Once the sun came back out and melted the snow, we racked up and headed to the base of the tower. I decided to bring the satellite phone—the first time I’d ever brought one on a climb. At least Andy would have some kind of fighting chance if something happened to me up there. We decided to start our push the following morning after a bivy at the base of the tower. I planned to free climb the entire route, while Andy would follow me on jumars. Before we got in our bivy sacks, I fixed a pitch and had him clean it for a quick refresher. He cleaned the pitch with ease.

We left our stove at high camp and took only Clif Bars, Shots, and Bloks, plus three liters of water. I led with two ropes and a double rack of cams and nuts, a few hexes, a hammer, six pitons, four bird beaks, and two alpine aiders. Andy would follow with the pack, food, bivy sacks, sat phone, Year of the Ram masks, approach shoes, a small bolt kit for emergencies, headlamps, rain jackets, and light down jackets. We both had a two-way radios clipped to our harnesses.

We started in light fog and clouds. By the third pitch, I’d already been forced off my planned route to avoid huge, hanging daggers of rock. We ended up veering way left, but the fun 5.10 pitches delighted me, with good pro and natural anchors at the end of 60-meter pitches. Considering my brother would be jugging on a rope amid lots of loose rock, with little experience, I really focused on how the rope would run, placing extra gear for directional so Andy wouldn’t pull loose rock on top of him as he jumared.

Libecki RL

The almost-full moon came out just as the time for headlamps neared. The clouds were like gray, eerie paint strokes over the moon in a surreal painting. There was a ledge off to the right we could rap to, just big enough to sit on and get some sleep. As a bonus, we found water dripping into a hole in the rock about the size of a bathroom sink. We were able to sit next to each other and shiver out the night.

When the sun came back above the horizon, we got out of our frost-covered bivy sacks and filled our water bottles from the bathroom-sink hole, then washed down Double-Espresso Clif Shots and Clif Bars. We jugged back to the anchor, and Andy stacked ropes as I racked gear. So far, I had not encountered anything harder than 5.11 and all of my anchors were natural pro. It was a good style and we were having real fun, not just the it-doesn’t-have-to-be-fun-to-be-fun type. The next pitch had cool, flaky laybacks with short 5.11 cruxes and good rests every 10 to 15 feet. This is where my hammer and bird beaks were worth their weight. I placed all four of my large beaks on this pitch, but delicately so they could be cleaned without a hammer. We climbed all day until the sun went around the corner and shade trapped us in shiver-land.

I knew we were getting near the top, because we were above every other summit I could see. But the crux of the route came two pitches before the top: a huge chimney filled with loose flakes and rotten stone-teeth. When I finished the pitch, I radioed to Andy, “Hey man, belay is off, and please, please go really slow, be careful what you touch, focus man, no mistakes.” Just inches from my anchor were big teetering fingers of stone I did not want to touch, but Andy finessed through the minefield without a problem. Our reward was an overhanging bombay chimney on the next pitch—one of the coolest 5.8 pitches ever.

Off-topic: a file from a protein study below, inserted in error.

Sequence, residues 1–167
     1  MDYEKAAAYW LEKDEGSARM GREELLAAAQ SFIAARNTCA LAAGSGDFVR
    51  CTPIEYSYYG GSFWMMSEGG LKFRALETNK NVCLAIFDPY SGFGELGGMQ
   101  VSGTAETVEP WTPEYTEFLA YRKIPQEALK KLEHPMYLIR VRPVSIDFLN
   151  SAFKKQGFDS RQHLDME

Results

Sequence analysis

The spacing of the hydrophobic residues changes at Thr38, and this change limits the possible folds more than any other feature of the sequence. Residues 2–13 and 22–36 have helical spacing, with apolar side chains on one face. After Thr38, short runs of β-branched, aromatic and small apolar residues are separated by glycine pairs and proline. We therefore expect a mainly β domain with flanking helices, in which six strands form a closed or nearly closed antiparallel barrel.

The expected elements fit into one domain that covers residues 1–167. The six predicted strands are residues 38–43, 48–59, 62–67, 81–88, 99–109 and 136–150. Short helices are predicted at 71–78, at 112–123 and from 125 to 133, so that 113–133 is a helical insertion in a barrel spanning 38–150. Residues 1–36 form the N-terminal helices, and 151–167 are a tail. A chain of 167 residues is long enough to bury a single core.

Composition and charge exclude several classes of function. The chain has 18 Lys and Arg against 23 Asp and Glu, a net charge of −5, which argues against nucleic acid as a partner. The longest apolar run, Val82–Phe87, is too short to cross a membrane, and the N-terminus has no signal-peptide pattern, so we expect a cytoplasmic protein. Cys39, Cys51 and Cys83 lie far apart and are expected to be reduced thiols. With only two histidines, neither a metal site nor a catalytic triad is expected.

Often the last technical pitch below a summit can be the most dangerous in terms of loose rock. But on Polar Bear Fang, a full 60 meters of 5.9, clean granite took me to within 20 meters of the true summit. A walkable, knife-edge ridge led to the fang tip. To the west, I saw what looked like the mushroom cloud from a nuclear explosion—a storm system headed our way. Our summit celebration would have to wait.

After half an hour of work, we had crafted a small bivy, just 10 feet from the summit, coiled our ropes into mattresses, put everything on, and waited for the shiver fest. Then, as we watched, the storm slid past us, as if deciding we didn’t deserve such a fate. The dark pink-maroon horizon was stunning. It felt perfect in an imperfect world. A couple of hours later, we were shivering so uncontrollably that we could not stop laughing. We mocked Jack Frost. It was like we were kids again.

We never really slept, but eventually crawled out of our frozen bivy sacks when the sun returned. Now we finally celebrated the summit, donning our Year of the Ram masks for photos. On my watch the elevation read 2,030 meters, about 855 meters (2,800’) above the start of the climb. We were on the highest summit as far as we could see, nearly 400 miles from the nearest civilization. It was a glorious moment, not only because of the many years I’d spent trying to reach this exact moment and place, but also to be here with my brother. And to see my brother give everything he had to be here with me.


Now we faced a first descent—an entirely new challenge. I didn’t want to descend the route we’d climbed, with its friable rock. Instead, I decided we should rappel off the opposite side of the tower and try to reach a gully we could descend to the glacier, tiger-striped with crevasses. We started rappelling, like spiders on giant shards of stone, stacked like the crux of a Jenga game—the tiniest move and it all falls. My serious voice came out again, “We have to be really fucking careful, watch each move, watch everything you touch—this whole thing could go.” Andy knew all this already, but I had to communicate. After six rappels, we gained a ridge on the backside and traversed to a huge ice gully. With each pull of the ropes, loose rock followed. After seven more rappels down the gully, we had to Tarzan- swing over a huge moat to reach the glacier.

We had not carried crampons or ice axes, so I told Andy we’d cross the glacier like polar bears would. We stuffed gear into our bivy sacks and began crawling, equalizing our weight on hands and knees, and towing the sacks as sleds behind us. The full moon came out. My hands felt like claws; I felt like a wild beast. Andy and I crawled for half a mile to our high camp, laughing and laughing, just as we had our whole lives together.


The Libecki-Libecki Route on Polar Bear Fang Tower went in 16 pitches at 5.11. I want to give huge thanks to the sponsors of the Mugs Stump Award and the Shipton-Tilman Grant for making this trip possible.